Analysis from Off The Track reveals some information you don't see on the leaderboards.
Racing was back today in an exciting series of events which saw several teams sitting in P1. Run in three sessions, racing was divided by geographical regions in order to accommodate the various time-zones of different teams. Asia & Oceania where first off with Australia’s Celestial and Fabulous 9 from Malaysia team in a head-to-head race. The Australian car took the heat with a fastest time of 1.045 seconds in a pattern that would continue as Australian teams Nebula and Dark Matter made it a one, two, three for Australia heading into the next session.
Europe and the Middle East were up next with strong performances from Bolt (Cyprus) and Hyperion (Greece) before Quintolux from Ireland took the top spot with a time of 1.040 seconds. Not wanting to be outdone, in the next head-to-head showdown Prismatic from Greece supplanted their place as the day’s fastest car with an incredible 1.014 seconds—only 17 milliseconds off the no-LERS F1 in Schools world record set by Horizon in 2018. Running alongside Prismatic were the England’s Team IQ who posted the second fastest time of the day, a 1.031 seconds. Other highlights from this session were Nine Degrees’ (Germany & Ireland) 1.032 seconds and Britannia Red’s (United Kingdom) 1.052 seconds.
The final session of the day was the Americas. The shortest session saw two teams break into the top ten, Cyclone from the United States and the Brazillian-Greek collaboration team Zenna, with impressive times of 1.042 seconds and 1.055 seconds respectively.
However, fastest times for each team do not paint the whole picture. Variations in canisters and track conditions mean that F1 in Schools cars often have inconsistent run times. In response to this, the organisers of F1 in Schools have devised a timing system that calculates the average time by finding the mean of the 2nd, 3rd, 4th and 5th fastest times of the total of eight runs teams complete over the course of the two days of time-trial racing. This is an attempt to ensure that outlying results are not counted in the final times, making the racing fairer and more of a test of a team’s engineering skills. As the average time is used for determining the fastest car award and allocating points for racing, the order of teams by fastest time that we are shown all day does not truly represent the more important average times of teams.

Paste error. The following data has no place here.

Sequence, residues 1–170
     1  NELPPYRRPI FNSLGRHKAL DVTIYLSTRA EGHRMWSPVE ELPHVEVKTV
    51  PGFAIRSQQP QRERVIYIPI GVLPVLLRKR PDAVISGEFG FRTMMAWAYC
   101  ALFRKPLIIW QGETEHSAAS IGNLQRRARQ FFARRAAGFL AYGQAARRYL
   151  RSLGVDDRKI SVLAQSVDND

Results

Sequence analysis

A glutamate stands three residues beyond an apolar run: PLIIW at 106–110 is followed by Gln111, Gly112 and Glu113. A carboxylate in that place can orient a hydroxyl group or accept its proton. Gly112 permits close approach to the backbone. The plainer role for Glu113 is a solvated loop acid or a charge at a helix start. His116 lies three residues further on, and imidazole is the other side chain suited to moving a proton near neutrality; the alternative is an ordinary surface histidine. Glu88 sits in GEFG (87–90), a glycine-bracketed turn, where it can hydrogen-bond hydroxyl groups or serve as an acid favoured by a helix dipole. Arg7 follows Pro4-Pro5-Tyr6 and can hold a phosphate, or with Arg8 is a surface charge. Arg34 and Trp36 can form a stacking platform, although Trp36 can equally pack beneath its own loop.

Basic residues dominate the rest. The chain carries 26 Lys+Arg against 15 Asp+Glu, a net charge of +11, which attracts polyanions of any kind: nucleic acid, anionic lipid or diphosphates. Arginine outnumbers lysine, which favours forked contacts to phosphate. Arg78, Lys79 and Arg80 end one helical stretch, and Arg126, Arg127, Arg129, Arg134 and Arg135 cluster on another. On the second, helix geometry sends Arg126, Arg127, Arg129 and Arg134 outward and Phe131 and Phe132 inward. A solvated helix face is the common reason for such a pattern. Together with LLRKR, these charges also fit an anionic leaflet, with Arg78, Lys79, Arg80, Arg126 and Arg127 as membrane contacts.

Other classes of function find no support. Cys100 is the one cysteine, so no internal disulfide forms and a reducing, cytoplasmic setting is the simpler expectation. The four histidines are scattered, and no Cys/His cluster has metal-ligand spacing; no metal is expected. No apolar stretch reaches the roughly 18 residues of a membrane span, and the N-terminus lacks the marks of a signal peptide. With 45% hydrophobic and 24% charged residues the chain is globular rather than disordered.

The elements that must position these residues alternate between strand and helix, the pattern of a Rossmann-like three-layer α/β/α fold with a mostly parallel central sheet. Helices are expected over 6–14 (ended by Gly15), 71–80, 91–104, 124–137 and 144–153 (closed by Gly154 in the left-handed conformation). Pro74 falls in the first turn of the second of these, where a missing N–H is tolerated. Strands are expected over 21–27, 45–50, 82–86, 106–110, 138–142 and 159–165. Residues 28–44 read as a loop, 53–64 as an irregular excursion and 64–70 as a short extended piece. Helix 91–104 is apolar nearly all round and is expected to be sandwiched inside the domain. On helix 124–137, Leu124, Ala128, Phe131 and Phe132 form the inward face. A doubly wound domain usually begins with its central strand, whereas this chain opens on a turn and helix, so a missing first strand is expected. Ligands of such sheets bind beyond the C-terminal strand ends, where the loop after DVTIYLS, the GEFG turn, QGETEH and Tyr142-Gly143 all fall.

Analysis from Off The Track has shown that, from the results of day 1 racing, of the top ten fastest teams shown on the leaderboard, the final position when calculated with the average time will only be likely correct for four of those teams. We calculated an average time by taking the 2nd and 3rd fastest times from the four runs completed by each team today.
This average time favours teams with consistent results that are nearly all fast times, including Quintolux who move from 4th to 2nd place and Bolt who move from 7th to 4th. The system has demoted some teams who had one particularly fast run that couldn’t be repeated, such as Team IQ who descended from 2nd to 6th and Zenna who fall of the top ten leaderboard.
Another interesting finding from our analysis is that lane one appears to be approximately 21 milliseconds faster than lane two. It is unclear why this is happening but it creates an interesting dynamic that should be considered during knock-out racing, especially as teams can choose which of the A and B cars runs in which lane.
With day two of racing still to come, these times are sure to be re-shuffled as some cars find more performance and others begin to feel the damage from their heavy impacts in the deceleration areas.
George Stonor is a UK correspondent. He was the Team Principal and Lead Engineer of 2019 F1 in Schools World Champions, Evolve UK.
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